Dahl v. Fisher et al, No. 1:2016cv00082 - Document 47 (S.D. Miss. 2016)

Court Description: MEMORANDUM OPINION AND ORDER granting 44 Motion for Summary Judgment. Signed by Magistrate Judge Robert H. Walker on 12/16/16. (RLW)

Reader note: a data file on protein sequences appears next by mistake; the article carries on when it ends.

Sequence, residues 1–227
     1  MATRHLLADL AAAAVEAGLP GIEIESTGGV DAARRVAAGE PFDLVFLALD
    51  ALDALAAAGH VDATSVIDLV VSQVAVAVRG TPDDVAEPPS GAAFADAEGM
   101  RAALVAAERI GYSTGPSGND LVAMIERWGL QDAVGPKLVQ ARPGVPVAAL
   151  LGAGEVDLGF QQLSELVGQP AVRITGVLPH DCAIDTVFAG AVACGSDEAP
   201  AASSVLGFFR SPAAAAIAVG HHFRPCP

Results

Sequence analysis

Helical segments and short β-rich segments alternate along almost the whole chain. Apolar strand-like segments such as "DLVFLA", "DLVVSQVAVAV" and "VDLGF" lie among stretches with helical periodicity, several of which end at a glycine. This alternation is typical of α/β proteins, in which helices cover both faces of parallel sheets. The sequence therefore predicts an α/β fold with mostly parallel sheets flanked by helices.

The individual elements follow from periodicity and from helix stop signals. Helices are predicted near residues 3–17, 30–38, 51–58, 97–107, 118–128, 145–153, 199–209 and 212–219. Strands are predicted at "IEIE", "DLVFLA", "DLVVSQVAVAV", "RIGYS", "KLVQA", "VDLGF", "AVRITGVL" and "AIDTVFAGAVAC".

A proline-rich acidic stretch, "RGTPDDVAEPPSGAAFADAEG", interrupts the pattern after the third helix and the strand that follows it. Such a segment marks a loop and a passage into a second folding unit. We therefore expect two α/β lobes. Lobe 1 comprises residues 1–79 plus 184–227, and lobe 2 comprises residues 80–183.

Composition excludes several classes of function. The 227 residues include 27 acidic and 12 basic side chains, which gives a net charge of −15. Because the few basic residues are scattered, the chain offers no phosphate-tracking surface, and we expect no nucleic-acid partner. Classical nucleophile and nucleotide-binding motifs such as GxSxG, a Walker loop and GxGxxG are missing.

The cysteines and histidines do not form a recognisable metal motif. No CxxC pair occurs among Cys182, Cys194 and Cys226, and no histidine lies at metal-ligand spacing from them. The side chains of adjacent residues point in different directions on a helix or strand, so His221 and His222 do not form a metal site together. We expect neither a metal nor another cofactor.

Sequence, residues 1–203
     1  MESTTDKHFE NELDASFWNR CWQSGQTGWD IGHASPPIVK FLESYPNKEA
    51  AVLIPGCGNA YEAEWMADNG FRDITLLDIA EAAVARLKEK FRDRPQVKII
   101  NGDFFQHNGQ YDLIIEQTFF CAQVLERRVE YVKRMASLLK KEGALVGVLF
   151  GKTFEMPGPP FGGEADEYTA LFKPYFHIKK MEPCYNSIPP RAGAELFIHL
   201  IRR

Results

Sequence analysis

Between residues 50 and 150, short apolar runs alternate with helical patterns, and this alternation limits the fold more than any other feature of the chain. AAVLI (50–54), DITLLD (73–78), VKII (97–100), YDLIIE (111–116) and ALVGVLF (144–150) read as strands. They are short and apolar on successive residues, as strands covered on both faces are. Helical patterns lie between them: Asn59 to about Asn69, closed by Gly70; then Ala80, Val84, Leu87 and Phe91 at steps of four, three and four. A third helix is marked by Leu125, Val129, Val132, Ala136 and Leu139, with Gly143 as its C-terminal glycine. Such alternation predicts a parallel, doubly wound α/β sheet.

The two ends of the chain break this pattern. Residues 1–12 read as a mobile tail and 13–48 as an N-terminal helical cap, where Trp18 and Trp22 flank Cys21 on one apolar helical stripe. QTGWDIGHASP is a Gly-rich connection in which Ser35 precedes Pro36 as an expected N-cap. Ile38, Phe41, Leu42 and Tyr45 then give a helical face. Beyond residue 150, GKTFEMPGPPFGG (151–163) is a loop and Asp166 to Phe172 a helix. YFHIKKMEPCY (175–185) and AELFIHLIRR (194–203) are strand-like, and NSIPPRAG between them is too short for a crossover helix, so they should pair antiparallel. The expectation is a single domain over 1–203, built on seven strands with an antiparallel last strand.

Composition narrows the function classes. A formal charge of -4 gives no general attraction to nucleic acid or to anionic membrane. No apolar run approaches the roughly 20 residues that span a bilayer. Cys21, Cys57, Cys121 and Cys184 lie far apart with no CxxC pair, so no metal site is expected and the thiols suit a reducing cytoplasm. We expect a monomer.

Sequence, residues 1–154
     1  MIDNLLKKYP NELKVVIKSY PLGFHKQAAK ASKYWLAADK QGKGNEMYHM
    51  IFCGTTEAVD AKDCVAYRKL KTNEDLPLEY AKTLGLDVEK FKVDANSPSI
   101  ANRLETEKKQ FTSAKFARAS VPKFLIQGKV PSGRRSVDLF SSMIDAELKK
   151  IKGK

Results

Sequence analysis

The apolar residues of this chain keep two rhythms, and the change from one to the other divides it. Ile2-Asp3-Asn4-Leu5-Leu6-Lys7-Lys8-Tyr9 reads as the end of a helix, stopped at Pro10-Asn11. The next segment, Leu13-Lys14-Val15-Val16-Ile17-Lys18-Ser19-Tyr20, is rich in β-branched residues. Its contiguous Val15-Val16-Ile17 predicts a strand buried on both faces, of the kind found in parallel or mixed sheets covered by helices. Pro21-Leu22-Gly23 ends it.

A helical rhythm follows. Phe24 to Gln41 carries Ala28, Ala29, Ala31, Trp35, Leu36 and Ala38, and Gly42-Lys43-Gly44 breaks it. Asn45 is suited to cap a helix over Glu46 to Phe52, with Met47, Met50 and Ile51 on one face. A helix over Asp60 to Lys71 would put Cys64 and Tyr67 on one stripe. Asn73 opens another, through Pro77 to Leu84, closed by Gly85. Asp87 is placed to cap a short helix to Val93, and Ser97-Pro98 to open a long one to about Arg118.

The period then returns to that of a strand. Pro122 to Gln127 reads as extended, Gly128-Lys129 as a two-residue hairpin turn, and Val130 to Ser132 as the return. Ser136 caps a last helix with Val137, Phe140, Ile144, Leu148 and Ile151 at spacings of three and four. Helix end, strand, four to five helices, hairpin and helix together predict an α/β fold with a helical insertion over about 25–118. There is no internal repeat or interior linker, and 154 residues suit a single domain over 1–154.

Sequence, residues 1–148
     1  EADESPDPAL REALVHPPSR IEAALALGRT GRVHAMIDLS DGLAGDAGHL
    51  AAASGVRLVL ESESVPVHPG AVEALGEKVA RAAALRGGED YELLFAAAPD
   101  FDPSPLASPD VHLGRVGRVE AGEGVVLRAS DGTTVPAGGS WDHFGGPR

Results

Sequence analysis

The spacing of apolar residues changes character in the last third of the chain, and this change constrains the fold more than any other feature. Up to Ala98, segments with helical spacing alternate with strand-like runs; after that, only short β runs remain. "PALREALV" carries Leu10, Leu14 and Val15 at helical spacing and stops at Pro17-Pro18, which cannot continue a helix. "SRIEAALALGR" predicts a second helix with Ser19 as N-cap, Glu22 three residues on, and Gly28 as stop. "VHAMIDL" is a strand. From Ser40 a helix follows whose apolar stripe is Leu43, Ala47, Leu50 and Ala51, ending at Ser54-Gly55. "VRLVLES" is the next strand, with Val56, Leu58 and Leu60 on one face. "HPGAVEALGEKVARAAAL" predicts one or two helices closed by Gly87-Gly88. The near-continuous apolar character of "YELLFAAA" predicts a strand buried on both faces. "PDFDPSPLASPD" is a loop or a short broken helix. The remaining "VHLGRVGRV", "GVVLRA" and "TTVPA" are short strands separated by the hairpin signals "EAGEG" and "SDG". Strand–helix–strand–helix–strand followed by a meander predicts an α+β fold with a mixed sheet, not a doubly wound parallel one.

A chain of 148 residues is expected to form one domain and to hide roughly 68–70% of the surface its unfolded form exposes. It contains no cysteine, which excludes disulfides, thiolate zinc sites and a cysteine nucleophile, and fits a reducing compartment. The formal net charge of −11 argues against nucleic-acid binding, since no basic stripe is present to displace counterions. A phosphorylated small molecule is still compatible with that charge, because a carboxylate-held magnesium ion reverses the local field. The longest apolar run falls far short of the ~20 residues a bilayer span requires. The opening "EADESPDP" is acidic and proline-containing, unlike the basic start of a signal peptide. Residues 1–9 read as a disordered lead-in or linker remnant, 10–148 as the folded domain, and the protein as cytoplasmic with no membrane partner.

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Dahl v. Fisher et al Doc. 47 IN THE UNITED STATES DISTRICT COURT FOR THE SOUTHERN DISTRICT OF MISSISSIPPI SOUTHERN DIVISION JAMES PAUL DAHL PLAINTIFF VS. CIVIL ACTION: 1:16cv82-RHW MARSHALL FISHER, et al. DEFENDANTS MEMORANDUM OPINION AND ORDER Before the Court is [44], Defendants’ October 6, 2016 motion for summary judgment based on Plaintiff’s failure to exhaust administrative remedies prior to filing this lawsuit, and on grounds of sovereign and qualified immunity. Plaintiff filed no response to the motion, and the matter is ripe for ruling. The parties consented to the exercise of jurisdiction by the United States Magistrate Judge pursuant to 28 U.S.C. § 636(c) and Fed. R. Civ. P. 73, and the case was reassigned to the undersigned for all purposes. [40], [41] Facts and Procedural History James Paul Dahl, inmate # 72584, is a Mississippi Department of Corrections (MDOC) inmate, confined at South Mississippi Correctional Institution (SMCI) where he is serving two life sentences for convictions of capital murder from Jackson County, Mississippi. He entered the MDOC system March 27, 2006, and testified he has been at SMCI since May 2006. Dahl, pro se and in forma pauperis, filed this prisoner civil rights lawsuit on March 3, 2016,1 asserting violation of his constitutional rights as a result of various conditions at SMCI. Specifically, Dahl’s complaint alleges that gang members and non-gang members are housed together which leads to assaults; that inmates with HIV and other diseases are housed with 1 Dahl dated his complaint February 25, 2016; it was filed by the clerk March 3, 2016. Dockets.Justia.com inmates who do not have the diseases; that when shakedowns are conducted, gang members are allowed back in the unit first and they steal other inmates’ property; that the prison posts no guards at the guard towers behind the housing units, which allows outsiders to throw contraband over the fences sometimes resulting in the whole prison being put on lockdown; and that housing units are overcrowded, have roof leaks, and mold. Summary Judgment Standard Rule 56, FED.R.CIV.P., requires that a motion for summary judgment be granted “if the movant shows there is no genuine dispute as to any material fact and that the movant is entitled to a judgment as a matter of law.” A material fact is one that might affect the outcome of the suit under the governing law; a genuine dispute exists when the evidence is such that a reasonable jury could return a verdict for the non-moving party. Anderson v. Liberty Lobby, Inc., 477 U.S. 242, 248 (1986). On a motion for summary judgment, the Court views the evidence and draws reasonable inferences most favorable to the non-moving party. Abarca v. Metropolitan Transit Authority, 404 F.3d 938, 940 (5th Cir. 2005). The party who bears the burden of proof at trial also bears the burden of proof at the summary judgment stage. Celotex Corp. v. Catrett, 477 U.S. 317, 322-323 (1986). One seeking summary judgment must identify those portions of the pleadings and discovery on file and any affidavits which he believes demonstrate the absence of a genuine issue of material fact. Id., at 325. If the movant fails to show the absence of a genuine issue concerning any material fact, summary judgment must be denied, even if the non-movant has not responded to the motion. John v. State of Louisiana, 757 F.2d 698, 708 (5th Cir. 1985). However, once the movant carries his burden, the burden shifts to the non-movant to show summary judgment should not be granted. The non-movant may not rest upon mere allegations or denials, but must set forth specific facts showing there is a genuine issue for trial by either submitting opposing evidentiary documents or referring to evidentiary documents already in the record which show the existence of a genuine issue of material fact. Celotex, 477 U.S. at 324325; Reese v. Anderson, 926 F.2d 494, 498 (5th Cir. 1991); Howard v. City of Greenwood, 783 F.2d 1311, 1315 (5th Cir. 1986) (non-movant “must counter factual allegations by the moving party with specific, factual disputes; mere general allegations are not a sufficient response.”). Conclusory allegations, unsubstantiated assertions or the presence of a scintilla of evidence, will not suffice to create a real controversy regarding material facts. Lujan v. National Wildlife Federation, 497 U.S. 871, 888-89 (1990); Hopper v. Frank, 16 F.3d 92, 97-98 (5th Cir. 1994); Davis v. Chevron U.S.A., Inc., 14 F.3d 1082, 1086 (5th Cir. 1994). Discussion Defendants contend Dahl failed to exhaust administrative remedies as to his claims,2 and attach as exhibits to their motion the ARP (Administrative Remedy Program) grievances Dahl filed, but did not pursue to completion. In ARP grievance SMCI-16-060, Dahl complained about being housed with gang members, requesting that he be housed in a unit “that does not house any gang organization members,” and stating he is in prison because he was at a residence “when two colored gang members were killed and [is] subject to attack ... by gang organizations,” when this becomes known. Dahl requested housing “where no gang activity is taking place” and for the suspension of the officer who moved him to Unit B-1 which “practically houses all gang members.” [44-1, p. 4] Classification Officer Katherine Blount provided the First Step response to SMCI-16-060 on January 23, 2016, stating that offenders are housed according to custody, 2 Dahl testified about a February 10, 2016 assault, but conceded at the hearing that the claim is unexhausted as he never filed an ARP regarding that incident. work assignments and medical class, and that Dahl is appropriately housed for his custody, work assignment and medical class. [44-1, p. 7] The affidavit of Joseph Cooley, custodian of ARP records at SMCI, states Dahl received Blount’s response January 30, 2016, and did not appeal to the Second Step. [44-1, p. 1] On June 29, 2016, the Court conducted a Spears/omnibus hearing to screen Dahl’s case. Dahl testified about a January 2016 shakedown where inmates were strip-searched and sent outside while officers searched their lockers for contraband. He stated by the time he got back to his locker box, $55 worth of his commissary items had disappeared, and he filed an ARP regarding the shakedown. In ARP grievance SMCI-16-061, Dahl complained that he had received a $90.69 commissary order on December 30, 2015, and his goods were in his locker when the January 8, 2016 shakedown occurred. But by the time he got back inside after the shakedown, virtually all the items were gone. Dahl requested compensation for his missing commissary and suspension of the officers responsible for the shakedown. [44-2, pp. 4-5] On January 25, 2016, Warden Marshal Turner provided the First Step response to SMCI-16-061, stating no officers took Dahl’s canteen and he would not be paid for his allegedly missing items. Cooley’s affidavit states Dahl received the First Step response February 6, 2016, and did not appeal to Step Two. [44-2, p. 1] In ARP grievance SMCI-16-0663 Dahl complained about overcrowded conditions in the units, leaking roofs and lack of yard call, and requested that the number of inmates in the units be reduced to 60 and that new roofs be installed on all units. [44-3, p. 4] Warden Turner provided the First Step response to the complaint on April 7, 2016, stating the units have long been equipped with double racks to accommodate 120 offenders and this concern would have to be taken to a higher office than his; that recreation is given almost daily absent a major disturbance or introduction of contraband incident; and leaks can and will be repaired by the prison contract company. [44-3, p. 7] Cooley’s affidavit with respect to this grievance states the First Step response was sent to Dahl twice, on April 28, 2016, and again on August 10, 2016, but no signed receipt from Dahl was returned to the ARP. [44-3, p. 1] Dahl failed to proceed to the Second Step on this grievance. Exhaustion of Administrative Remedies: Exhaustion of administrative remedies through the prison grievance system is a jurisdictional prerequisite for lawsuits filed pursuant to 42 U.S.C. § 1983. Wright v. Hollingsworth, 260 F.3d 357 (5th Cir. 2001). No action shall be brought with respect to prison conditions under section 1983 of this title, or any other Federal law, by a prisoner confined in any jail, prison, or other correctional facility until such administrative remedies as are available are exhausted. 42 U.S.C. § 1997e(a). See Woodford v. Ngo, 548 U.S. 81, 84 (2006)(holding “proper exhaustion of administrative remedies is necessary”). The Fifth Circuit takes “a strict approach” to the exhaustion requirement. See Johnson v. Ford, 261 Fed.Appx. 752, 755 (5th Cir. 2008). Exhaustion is mandatory for “all inmate suits about prison life, whether they involve general circumstances or particular episodes, and whether they allege excessive force or some other wrong.” Alexander v. Tippah County, Miss., 351 F.3d 626, 630 (5th Cir. 2003)(quoting Porter v. Nussle, 534 U.S. 516, 532 (2002)). Dismissal is appropriate where an inmate has failed to properly exhaust the administrative grievance procedure before filing his complaint. Gonzalez v. Seal, 702 F.3d 785, 788 (5th Cir. 2012). Merely initiating the grievance process or putting prison officials on notice of a complaint is insufficient to meet the exhaustion requirement – the grievance process must be carried through to its conclusion before suit can be filed under the Prison Litigation Reform Act. Wright, 260 F.3d at 358. There is no dispute that Dahl was an MDOC inmate at all times pertinent to this action, or that the MDOC has an administrative remedy procedure (ARP) to address inmates’ grievances. The ARP consists of two steps, both of which must be completed to effect exhaustion of administrative remedies. The two-step ARP process of the MDOC begins when the inmate submits his written grievance to the prison’s legal claims adjudicator within 30 days of the incident of which he complains. The adjudicator screens the grievance and determines whether to accept it into the ARP process; if accepted, the grievance is forwarded to the appropriate official for a First Step Response. Howard v. Epps, 2013 WL 2367880, at *2 (S.D. Miss. 2013). If the inmate is dissatisfied with the First Step Response, he may continue to the second step by completing the appropriate ARP form and sending it to the legal claims adjudicator. The Superintendent, Warden or Community Corrections Director issues the final ruling (the Second Step Response). If the inmate remains unsatisfied, he may then file suit in court. Although Dahl filed ARP grievances with respect to housing gang members with nongang members, shakedowns, and living conditions in the unit (overcrowding, roof leaks, mold), the Cooley affidavit and Dahl’s ARP records establish that Dahl did not complete the second step of the ARP procedure on any of them. To exhaust available remedies, an inmate must pursue grievances through both steps of the procedure. Greenwood v. King, 2010 WL 3239177, at *2 (S.D. Miss. Aug. 13, 2010). The Prison Litigation Reform Act (PLRA) requires exhaustion of available remedies prior to filing suit under 42 U.S.C. § 1983. Ferrington v. Louisiana Dep’t of Corr., 315 F.3d 529, 531 (5th Cir. 2002) (citing Booth v. Churner, 532 U.S. 731, 741 n. 6 (2001)). As the Court stated in Wilson v. Epps, 776 F.3d 296, 301 (5th Cir. 2015): Section 1997e’s exhaustion requirement is satisfied only if the prisoner “pursue[s] the grievance remedy to conclusion.” Wright v. Hollingsworth, 260 F.3d 357, 358 (5th Cir. 2001). This requirement does not fall by the wayside in the event that the prison fails to respond to the prisoner’s grievance at some preliminary step in the grievance process. Instead, the prison’s failure to timely respond simply entitles the prisoner to move on to the next step in the process. Thus it is only if the prison fails to respond at the last step of the grievance process that the prisoner becomes entitled to sue, because then there is no next step (save filing a lawsuit) to which the prisoner can advance. This is true both under the terms of the program ... and as a matter of the law of this circuit. (emphasis in original, citations omitted). Because the evidence before the Court shows Dahl has not exhausted administrative remedies as to his claims regarding housing gang members with non-gang members, shakedowns, and living conditions in the unit (overcrowding, roof leaks, mold, yard call), those claims must be dismissed. Sovereign Immunity: Defendants assert they are entitled to immunity with respect to all Plaintiff’s claims. All the Defendants Dahl sued in this case are employees of the MDOC;3 as such, they assert sovereign immunity protects them from Dahl’s official capacity claims against them for money damages. The Eleventh Amendment to the United States Constitution “bars an individual from suing a state in federal court unless the state consents to suit or Congress has clearly and validly abrogated the state’s sovereign immunity.” Perez v. Region 20 Educ. Service Center, 307 F.3d 318, 326 (5th Cir. 2002). Mississippi has not waived its right to sovereign immunity.4 Sovereign immunity is a jurisdictional bar that, absent waiver, prohibits a federal court from hearing a claim against a state and its agencies and instrumentalities, regardless of the nature of the relief sought or whether the claim is based on federal or state law. Pennhurst State School & Hosp. v. Halderman, 465 U.S. 89, 100 (1984); McDonald v. Board of Mississippi Levee Com’rs, 832 F.2d 3 Marshall Fisher is the Commissioner of the MDOC; Jacqueline Banks is the Superintendent at SMCI; Marshall Turner is SMCI Area II Warden; Katherine Blount is the Classification Officer at SMCI; Anthony Beasley, Kenneth Mayo and Faytonia Johnson are corrections officers at SMCI; and Joseph Cooley is Director of the Administrative Remedy Program at SMCI. 4 “Nothing contained in this chapter shall be construed to waive the immunity of the state from suit in federal courts guaranteed by the Eleventh Amendment to the Constitution of the United States.” MISS. CODE ANN. § 11-46-5(4). 901, 906 (5th Cir.1987) (quoting Crane v. Texas, 759 F.2d 412, 415 (5th Cir. 1985)) (“Eleventh Amendment immunity is a jurisdictional issue that ‘cannot be ignored, for a meritorious claim to that immunity deprives the court of subject matter jurisdiction of the action.’”). Sovereign immunity extends to any state agency or entity deemed to be an “arm of the state.” Perez, 307 F.3d at 326. The MDOC is an arm of the State of Mississippi. Williams v. Mississippi Dept. of Corrections, 2012 WL 2052101, *1-2 (S.D. Miss. 2012). Because a suit against a state official in his or her official capacity “is no different from a suit against the State itself,” sovereign immunity also protects state officials from suit under 42 U.S.C. § 1983. Will v. Michigan Dept. of State Police, 491 U.S. 58, 71 (1989)); Dandridge v. Mississippi, 2009 WL 4940105, at *5 (S.D. Miss. 2009). Sovereign immunity protects the MDOC, as well as its officers and employees from monetary damages claims against them in their official capacities. Williams, 2012 WL 2052101 at *1-2; Yul Chu v. Mississippi State University, 901 F.Supp.2d 761, 771 (N.D. Miss. 2012). The Court finds sovereign immunity bars Dahl’s official capacity claims for monetary damages against all Defendants in this case. Qualified Immunity State officials can be sued for damages under § 1983 in their individual capacities even though the claim may arise out of official responsibilities, however they “are entitled to assert the defense of qualified immunity for all acts and omissions which occur in the course of their official duties.” Gagne v. City of Galveston, 805 F.2d 558, 559 (5th Cir. 1986). The doctrine of qualified immunity strikes a balance between the need to hold public officials accountable for exercising power irresponsibly, and the need to shield from harassment, distraction and liability those officials who perform their duties reasonably. Qualified immunity protects government officials from liability for civil damages unless their conduct violates “clearly established statutory or constitutional rights of which a reasonable person would have known.” Pearson v. Callahan, 555 U.S. 223, 231 (2009) (citing Harlow v. Fitzgerald, 457 U.S. 800, 818 (1982)). Federal courts review qualified immunity claims under a two-step analysis, considering (1) “whether the facts alleged, taken in the light most favorable to the party asserting the injury, show the officer’s conduct violated a constitutional right” and (2) “whether the right was clearly established.” Price v. Roark, 256 F.3d 364, 369 (5th Cir. 2001) (citing Saucier v. Katz, 533 U.S. 194, 201 (2001)); McClendon v. City of Columbia, 305 F.3d 314, 322-23 (5th Cir. 2002). When the allegations fail to establish that the officer violated a constitutional right, the officer is entitled to qualified immunity; if the allegations could make out a constitutional violation, the Court must determine whether the right was clearly established, i.e., whether it would be clear to a reasonable officer that his conduct was unlawful in the circumstances then existing. Price, 256 F.3d at 369. “Even if an official’s conduct violates a constitutional right, [he] is entitled to qualified immunity if the conduct was objectively reasonable.” Salas v. Carpenter, 980 F.2d 299, 310 (5th Cir. 1992). “If reasonable public officials could differ on the lawfulness of the defendant’s actions, the defendant is entitled to immunity.” Id. (citing White v. Taylor, 959 F.2d 539, 544 (5th Cir. 1992)). Qualified immunity protects “all but the plainly incompetent or those who knowingly violate the law.” Malley v. Briggs, 475 U.S. 335, 341 (1986). The Plaintiff bears the burden of proving qualified immunity does not apply, i.e., once a § 1983 defendant pleads the defense and shows he is a governmental official whose position involves the exercise of discretion, the Plaintiff must prove the official’s conduct violated clearly established law. Salas, 980 F.2d at 306; Thompson v. Upshur County, TX, 245 F.3d 447, 456 (5th Cir. 2001). That is, when immunity is properly asserted, the plaintiff “must shoulder the burden of pleading a prima facie case, including the obligation of alleging ‘detailed facts supporting the contention that the plea of immunity cannot be sustained.’” Lynch v. Cannatella, 810 F.2d 1363, 1376 (5th Cir. 1987) “Unless the plaintiff’s allegations state a claim of violation of clearly established law, a defendant pleading qualified immunity is entitled to dismissal before the commencement of discovery.” Mitchell v. Forsyth, 472 U.S. 511, 526 (1985). For the reasons which follow, the Court finds Dahl has failed to carry his burden. Dahl’s complaint that inmates who are HIV positive or who have Hepatitis C are housed with inmates who do not have the diseases does not state a constitutional claim. Dahl has identified no constitutional right not to be housed with inmates with HIV or Hepatitis C. Inmates have no constitutional right to a specific classification or housing assignment; these are matters left to the discretion of prison officials. See Tubwell v. Griffith, 742 F.2d 250, 253 (5th Cir. 1984) (“the classification of inmates is the responsibility of the Department of Corrections and an inmate has no right to a particular classification”); McCord v. Maggio, 910 F.2d 1248, 1250 (5th Cir. 1990) (prison officials make decisions regarding the housing of inmates); Meachum v. Fano, 427 U.S. 215 (1976); Olim v. Wakinekona, 461 U.S. 238, 249-50 (1983). Because Dahl has failed to state a constitutional violation, this claim will be dismissed and will count as a strike. Dahl’s complaint about unmanned guard towers is accompanied by neither allegation nor proof that this condition resulted from any prison policy “promulgated or implemented by the policy-making official, of deliberate indifference to the risk of understaffing and that this policy caused his injury.” White v. Cooper, 2009 WL 1230008 at *4 (W.D. La.). Dahl has alleged only that the towers were unmanned, which allows persons outside the prison to throw contraband over the walls into the prison, which sometimes resulted in the entire facility being put on lockdown. “Evidence of understaffing, without more, is not proof of official policy.” Hood v. Itawamba County, Miss., 819 F.Supp. 556, 566 (N.D. Miss. 1993). Furthermore, Dahl has identified no constitutional right to be free from lockdowns during his incarceration. See Hernandez v. Velasquez, 522 F.3d 556, 562 (5th Cir. 2008) (finding no constitutional violation in suspected gang-affiliated prisoner’s lockdown for 13 months due to prisoner’s lack of a liberty interest in his custodial classification, and wide deference accorded prison officials in classifying prisoners’ custodial status “to maintain security and preserve internal order.”) Although Defendants persuasively argue the lack of merit in Dahl’s unexhausted claims, the Court finds it unnecessary to address the merits of claims which are not properly before the Court. Based on the foregoing, it is therefore, ORDERED AND ADJUDGED that Defendants’ motion for summary judgment is granted, and this case will be dismissed. A separate judgment will be entered. SO ORDERED, this the 16th day of December, 2016. /s/ Robert H. Walker ROBERT H. WALKER UNITED STATES MAGISTRATE JUDGE